Effects of Social Emotional Learning Factors on Achievement Gains

This study investigated the moderating roles of motivation, social engagement, and self-regulation in predicting academic achievement in grades 11-12 for 3,281 7th-9th graders. Standardized assessments of college readiness (ACT Explore and the ACT test) and student self-report measures of social emotional learning factors (ACT Engage Grades 6-9) were used in the study.

The results showed that females in grades 7-9 scored higher than males for motivation and self-regulation. Motivation and social engagement moderated prior achievement in predicting later achievement in grades 11-12, while self-regulation moderated both gender and prior achievement in predicting later achievement. Specifically, among female students, effects were positive for females with higher prior achievement (PR ≥ 95) and negative for females with lower prior achievement (PR ≤ 5) for self-regulation in predicting achievement in grades 11-12.

Introduction

Social emotional learning (SEL) factors, such as motivation, social engagement, and self-regulation, play key roles in classroom learning. Motivation refers to self-regulatory mechanism to achieve academic success via certain personality characteristics and attitudes, such as Academic Discipline, Commitment to School, and Optimism.

Social engagement refers to students’ perception of their family’s engagement, particularly family members’ attitudes regarding the value of education and their involvement in school activities, relationships with school personnel, and perception of school safety climate.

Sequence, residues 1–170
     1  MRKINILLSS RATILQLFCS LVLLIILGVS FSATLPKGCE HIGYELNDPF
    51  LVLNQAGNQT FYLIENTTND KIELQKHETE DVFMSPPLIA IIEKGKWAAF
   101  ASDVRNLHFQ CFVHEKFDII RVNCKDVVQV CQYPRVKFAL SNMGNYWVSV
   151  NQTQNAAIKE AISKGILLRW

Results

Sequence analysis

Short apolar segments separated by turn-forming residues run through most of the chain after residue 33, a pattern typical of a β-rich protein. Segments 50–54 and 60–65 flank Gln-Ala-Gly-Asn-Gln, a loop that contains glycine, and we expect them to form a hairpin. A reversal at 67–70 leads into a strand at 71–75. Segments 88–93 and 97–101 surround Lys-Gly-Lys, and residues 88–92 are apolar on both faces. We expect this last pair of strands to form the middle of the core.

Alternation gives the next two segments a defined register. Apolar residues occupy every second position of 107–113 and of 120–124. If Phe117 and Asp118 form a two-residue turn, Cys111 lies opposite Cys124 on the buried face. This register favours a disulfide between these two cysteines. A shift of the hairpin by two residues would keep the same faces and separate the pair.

Self-regulation refers to the degree to which students appropriately regulate and express their feelings and behaviors, as well as how they think about the consequences of behavior in school contexts. Students need to be highly motivated to learn well in school, to recognize and use the social supports that can facilitate their learning, and to regulate their behaviors and manage their feelings.

From a broader perspective, SEL factors and prior academic achievement have been demonstrated to predict later achievement in both K-12 and higher education settings. However, it is unclear how SEL factors interact with prior academic achievement and gender when predicting subsequent academic achievement.

Authors

Yi-Lung Kuo, PhD: Yi-Lung is an associate professor at Beijing-Normal University-Hong Kong Baptist University United International College and a visiting scholar in Design Based Research at ACT. He specializes in social and emotional learning and test development.

Alex Casillas, PhD: Alex is a principal research psychologist in Design Based Research specializing in assessment design and behavioral predictors of performance and persistence in education and work settings.

Jeff Allen, PhD: Jeff is a statistician in the Research division at ACT. He specializes in longitudinal research linking test scores to educational outcomes and student growth models.